I want to suggest a reason why this is how it is with philosophy and why that fact doesn’t diminish the discipline’s importance, nor its capacity to arrive at true conclusions. It isn’t a very complicated explanation, actually. It is modeled somewhat loosely on individual developmental psychology. To whit, it is well recognized that teens tend to resist explicitly stated advice from elders. Arguably they do accept, at least subconsciously, leadership if it comes in the way of examples set for them by intimates. Becoming financially responsible, for example, may involve encountering one’s parents’ or guardians’ repeated responsible conduct–if they routinely pay their bills, keep their promises, etc., so the teens can witness this without however preaching the practice at them, this is quite likely to carry influence.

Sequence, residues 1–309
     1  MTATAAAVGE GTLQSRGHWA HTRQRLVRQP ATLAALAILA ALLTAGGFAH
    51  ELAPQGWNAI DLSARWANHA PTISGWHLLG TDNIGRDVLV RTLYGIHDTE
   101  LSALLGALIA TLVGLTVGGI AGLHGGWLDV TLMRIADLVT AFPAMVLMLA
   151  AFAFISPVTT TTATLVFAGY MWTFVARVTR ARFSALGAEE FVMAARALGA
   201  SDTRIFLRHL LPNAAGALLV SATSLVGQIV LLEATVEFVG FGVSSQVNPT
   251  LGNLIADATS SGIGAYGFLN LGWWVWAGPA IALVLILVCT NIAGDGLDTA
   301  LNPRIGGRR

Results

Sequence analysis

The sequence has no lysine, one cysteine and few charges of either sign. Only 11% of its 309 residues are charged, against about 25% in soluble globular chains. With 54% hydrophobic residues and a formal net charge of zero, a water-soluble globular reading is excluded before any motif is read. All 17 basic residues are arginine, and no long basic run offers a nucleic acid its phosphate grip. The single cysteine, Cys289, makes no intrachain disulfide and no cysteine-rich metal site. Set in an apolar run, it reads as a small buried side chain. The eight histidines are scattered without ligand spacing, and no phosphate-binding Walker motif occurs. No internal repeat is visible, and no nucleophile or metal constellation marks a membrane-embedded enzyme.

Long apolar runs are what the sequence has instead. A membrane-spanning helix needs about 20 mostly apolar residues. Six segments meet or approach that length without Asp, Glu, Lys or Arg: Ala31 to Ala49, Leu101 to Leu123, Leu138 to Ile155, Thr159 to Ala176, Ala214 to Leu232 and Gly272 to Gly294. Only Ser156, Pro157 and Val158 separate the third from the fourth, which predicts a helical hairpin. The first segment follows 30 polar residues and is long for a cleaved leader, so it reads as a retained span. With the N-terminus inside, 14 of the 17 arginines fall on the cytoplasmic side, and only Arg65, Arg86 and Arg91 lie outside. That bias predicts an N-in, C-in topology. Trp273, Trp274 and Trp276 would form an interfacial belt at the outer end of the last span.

One reason may be that teens are in the process of taking over the management of their lives and want to learn about this from their very own experience and practice rather than from explicit instructions. They need to know directly that they are doing what they choose to do, not merely blindly following other people’s advice. Even the more complex matters of accepting their family’s values, religious or political, seem to follow this process. If the teens are not being badgered about what they should believe, about the convictions that their parents want for them to embrace, they are more likely than not to follow their parents. Teens are about to assume the governance of their affairs and to do this they would naturally want to start thinking for themselves. So they, or at least the bright ones among them, are likely to resist just being told everything.